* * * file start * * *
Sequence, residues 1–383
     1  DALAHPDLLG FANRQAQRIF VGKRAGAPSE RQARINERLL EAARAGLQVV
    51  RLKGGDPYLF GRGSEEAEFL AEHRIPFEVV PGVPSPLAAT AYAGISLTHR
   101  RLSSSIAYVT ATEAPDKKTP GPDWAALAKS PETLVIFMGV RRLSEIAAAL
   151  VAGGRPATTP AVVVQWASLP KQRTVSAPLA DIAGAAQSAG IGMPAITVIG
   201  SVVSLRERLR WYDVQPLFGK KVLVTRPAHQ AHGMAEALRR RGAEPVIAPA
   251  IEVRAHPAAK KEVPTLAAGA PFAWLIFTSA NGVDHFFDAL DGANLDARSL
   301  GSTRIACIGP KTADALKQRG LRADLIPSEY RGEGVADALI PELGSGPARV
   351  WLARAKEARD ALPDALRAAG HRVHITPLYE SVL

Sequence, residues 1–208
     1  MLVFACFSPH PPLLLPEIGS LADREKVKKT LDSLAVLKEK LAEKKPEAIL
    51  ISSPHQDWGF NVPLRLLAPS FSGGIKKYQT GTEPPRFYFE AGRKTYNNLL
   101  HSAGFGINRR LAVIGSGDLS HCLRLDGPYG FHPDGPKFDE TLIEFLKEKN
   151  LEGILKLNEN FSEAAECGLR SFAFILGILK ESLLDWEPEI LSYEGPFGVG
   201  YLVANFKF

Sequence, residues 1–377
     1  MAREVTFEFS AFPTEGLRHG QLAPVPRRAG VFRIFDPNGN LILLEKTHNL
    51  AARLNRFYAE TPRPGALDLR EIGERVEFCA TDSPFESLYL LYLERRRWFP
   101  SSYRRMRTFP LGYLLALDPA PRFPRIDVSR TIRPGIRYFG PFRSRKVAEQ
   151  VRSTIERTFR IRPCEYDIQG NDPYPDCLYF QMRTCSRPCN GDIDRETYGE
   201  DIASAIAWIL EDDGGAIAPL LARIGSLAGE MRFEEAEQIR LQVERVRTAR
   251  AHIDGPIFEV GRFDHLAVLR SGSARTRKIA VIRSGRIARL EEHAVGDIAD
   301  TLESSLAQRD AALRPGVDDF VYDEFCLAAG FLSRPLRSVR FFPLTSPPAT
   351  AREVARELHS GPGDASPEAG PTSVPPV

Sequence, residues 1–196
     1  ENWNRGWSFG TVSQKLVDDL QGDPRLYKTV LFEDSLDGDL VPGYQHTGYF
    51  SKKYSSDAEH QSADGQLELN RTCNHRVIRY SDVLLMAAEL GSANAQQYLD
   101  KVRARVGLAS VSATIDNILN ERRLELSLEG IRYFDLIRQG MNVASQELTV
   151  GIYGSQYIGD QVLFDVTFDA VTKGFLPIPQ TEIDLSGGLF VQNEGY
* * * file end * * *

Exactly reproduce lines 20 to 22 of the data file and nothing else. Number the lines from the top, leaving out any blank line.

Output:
   151  VRSTIERTFR IRPCEYDIQG NDPYPDCLYF QMRTCSRPCN GDIDRETYGE
   201  DIASAIAWIL EDDGGAIAPL LARIGSLAGE MRFEEAEQIR LQVERVRTAR
   251  AHIDGPIFEV GRFDHLAVLR SGSARTRKIA VIRSGRIARL EEHAVGDIAD